inclusivity  | 

Thousands line the streets of Dublin to celebrate Pride Festival

'Now I don’t need to hide anymore, I can be who I am'
Wayne O’Connor

Dublin has come to a standstill this afternoon as thousands lined the city streets to celebrate Pride.

A parade from Parnell Street to Merrion square saw groups march, dance and sing through the city centre cheered on by huge crowds.

Those marching said they were taking part to promote and celebrate inclusivity.

Many said it meant something more to them after the pandemic.

The Pride parade in Dublin Photo:Leon Farrell/Photocall Ireland

The Pride parade in Dublin Photo:Leon Farrell/Photocall Ireland

“Ever since Covid people are just being themselves more, they are dressing way more out there and I just feel so happy to see people being themselves. It is so wonderful,” said Dubliner Laura Harper, who was watching the parade from a spot near O’Connell Bridge.

“I couldn’t love it more. I am celebrating Pride because I’m a lesbian and I know so many people that aren’t able to celebrate. I’m doing it for everybody and for me and anybody that can’t in anyway because I want to be proud for all of us.”

Aisling Cullen marched carrying a non-binary flag and said it was important to celebrate inclusivity.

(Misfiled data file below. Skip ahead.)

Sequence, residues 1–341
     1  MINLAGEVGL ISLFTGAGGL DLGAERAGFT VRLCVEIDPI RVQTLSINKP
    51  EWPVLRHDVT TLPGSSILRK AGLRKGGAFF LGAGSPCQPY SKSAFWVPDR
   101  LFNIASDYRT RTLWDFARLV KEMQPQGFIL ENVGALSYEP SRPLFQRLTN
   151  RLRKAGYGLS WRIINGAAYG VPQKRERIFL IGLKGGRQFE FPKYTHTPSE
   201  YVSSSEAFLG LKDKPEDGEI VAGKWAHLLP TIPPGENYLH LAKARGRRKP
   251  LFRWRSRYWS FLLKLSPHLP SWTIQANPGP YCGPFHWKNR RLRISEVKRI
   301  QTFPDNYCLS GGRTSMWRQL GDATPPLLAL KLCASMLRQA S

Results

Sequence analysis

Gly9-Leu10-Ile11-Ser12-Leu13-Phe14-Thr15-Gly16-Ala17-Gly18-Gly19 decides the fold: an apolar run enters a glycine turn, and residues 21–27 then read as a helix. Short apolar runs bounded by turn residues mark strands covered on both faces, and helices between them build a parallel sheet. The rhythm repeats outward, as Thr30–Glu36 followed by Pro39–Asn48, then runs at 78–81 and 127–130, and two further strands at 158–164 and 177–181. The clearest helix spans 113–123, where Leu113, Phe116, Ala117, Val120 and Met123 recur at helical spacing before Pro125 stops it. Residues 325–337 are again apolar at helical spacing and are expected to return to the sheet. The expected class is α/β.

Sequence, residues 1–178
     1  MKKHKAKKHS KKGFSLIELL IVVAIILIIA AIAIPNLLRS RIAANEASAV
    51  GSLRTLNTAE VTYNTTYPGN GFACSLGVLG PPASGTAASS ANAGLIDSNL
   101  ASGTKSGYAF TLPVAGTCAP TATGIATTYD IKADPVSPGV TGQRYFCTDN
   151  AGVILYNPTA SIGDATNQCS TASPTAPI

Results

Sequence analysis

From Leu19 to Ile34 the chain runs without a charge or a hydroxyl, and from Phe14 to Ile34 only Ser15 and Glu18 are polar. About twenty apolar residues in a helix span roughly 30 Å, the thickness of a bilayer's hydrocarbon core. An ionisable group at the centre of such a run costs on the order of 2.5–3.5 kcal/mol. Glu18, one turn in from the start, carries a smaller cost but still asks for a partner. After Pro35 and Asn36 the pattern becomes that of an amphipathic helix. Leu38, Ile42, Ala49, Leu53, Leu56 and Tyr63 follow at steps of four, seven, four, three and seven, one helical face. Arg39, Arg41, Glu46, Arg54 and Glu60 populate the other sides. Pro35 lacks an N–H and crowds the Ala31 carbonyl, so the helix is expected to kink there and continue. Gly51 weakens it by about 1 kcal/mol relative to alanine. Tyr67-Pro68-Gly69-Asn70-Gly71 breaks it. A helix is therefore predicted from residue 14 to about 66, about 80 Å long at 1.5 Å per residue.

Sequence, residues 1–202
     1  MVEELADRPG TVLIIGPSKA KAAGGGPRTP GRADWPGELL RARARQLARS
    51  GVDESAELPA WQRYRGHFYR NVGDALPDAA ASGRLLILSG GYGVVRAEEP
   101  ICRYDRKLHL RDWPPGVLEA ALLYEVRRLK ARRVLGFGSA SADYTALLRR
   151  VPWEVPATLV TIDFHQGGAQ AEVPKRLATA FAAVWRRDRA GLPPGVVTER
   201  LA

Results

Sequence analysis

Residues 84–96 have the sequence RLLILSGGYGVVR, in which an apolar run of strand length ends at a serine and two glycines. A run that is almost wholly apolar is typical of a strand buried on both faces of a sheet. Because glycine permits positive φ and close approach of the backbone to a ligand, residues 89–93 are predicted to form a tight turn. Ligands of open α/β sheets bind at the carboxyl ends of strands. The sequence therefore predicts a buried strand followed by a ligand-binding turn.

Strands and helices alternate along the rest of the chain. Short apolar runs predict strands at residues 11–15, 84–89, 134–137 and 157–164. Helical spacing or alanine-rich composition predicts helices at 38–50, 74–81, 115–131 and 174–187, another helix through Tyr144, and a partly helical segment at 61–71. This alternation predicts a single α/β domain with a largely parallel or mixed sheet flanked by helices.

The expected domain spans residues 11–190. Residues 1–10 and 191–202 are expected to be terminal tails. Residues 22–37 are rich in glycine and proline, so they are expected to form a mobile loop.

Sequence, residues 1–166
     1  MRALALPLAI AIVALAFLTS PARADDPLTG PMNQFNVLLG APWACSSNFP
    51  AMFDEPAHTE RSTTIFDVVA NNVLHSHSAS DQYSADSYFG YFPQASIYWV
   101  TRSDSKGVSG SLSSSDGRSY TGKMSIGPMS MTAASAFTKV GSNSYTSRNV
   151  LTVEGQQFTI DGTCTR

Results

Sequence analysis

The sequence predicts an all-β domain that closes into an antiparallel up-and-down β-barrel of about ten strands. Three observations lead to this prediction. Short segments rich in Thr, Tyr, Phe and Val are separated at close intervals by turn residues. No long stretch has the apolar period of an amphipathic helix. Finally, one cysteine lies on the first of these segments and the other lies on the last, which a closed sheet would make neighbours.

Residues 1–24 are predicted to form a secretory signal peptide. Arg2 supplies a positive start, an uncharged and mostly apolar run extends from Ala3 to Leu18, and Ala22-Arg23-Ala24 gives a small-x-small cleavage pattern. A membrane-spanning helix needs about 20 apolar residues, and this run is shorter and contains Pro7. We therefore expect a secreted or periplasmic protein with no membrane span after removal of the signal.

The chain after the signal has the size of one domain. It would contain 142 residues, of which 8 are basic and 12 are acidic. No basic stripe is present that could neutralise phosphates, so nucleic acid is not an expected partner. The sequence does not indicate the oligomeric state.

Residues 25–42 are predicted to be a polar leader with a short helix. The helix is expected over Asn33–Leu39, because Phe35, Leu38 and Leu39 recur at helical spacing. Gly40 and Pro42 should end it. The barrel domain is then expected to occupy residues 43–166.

The Aer Lingus float goes down O'Connell Street Dublin during the Dublin Pride Festival. Photo:Leon Farrell/Photocall Ireland

The Aer Lingus float goes down O'Connell Street Dublin during the Dublin Pride Festival. Photo:Leon Farrell/Photocall Ireland

“I am celebrating Pride so everybody can be free to be their authentic selves at work, in normal life, every day, no matter where they are or who they are with everybody should be able to be themselves.

“I am having the best time. It is so exciting to be here, to be marching here and especially after the pandemic. It is so special to be celebrating every identity in the LGBTQIA+ alphabet.”

Lucas Marquez from Brazil was celebrating his first Pride since coming out by marching in a long flowing red dress with a rainbow train. He moved to Ireland four years ago and came out after moving to Dublin, he said.

“Now I don’t need to hide anymore, I can be who I am,” he added.

“Pride is about what you are now.”

Róisín Maher said she was marching to celebrate diversity.

“I just think we should be living in a world where diversity is accepted, it is the norm and everybody no matter their colour, creed, ethnicity or orientation should be celebrated. I am having a wonderful time. The buzz in Dublin at the moment is unbelievable and after Covid it is what we needed.”


Today's Headlines

More Irish News

Download the Sunday World app

Now download the free app for all the latest Sunday World News, Crime, Irish Showbiz and Sport. Available on Apple and Android devices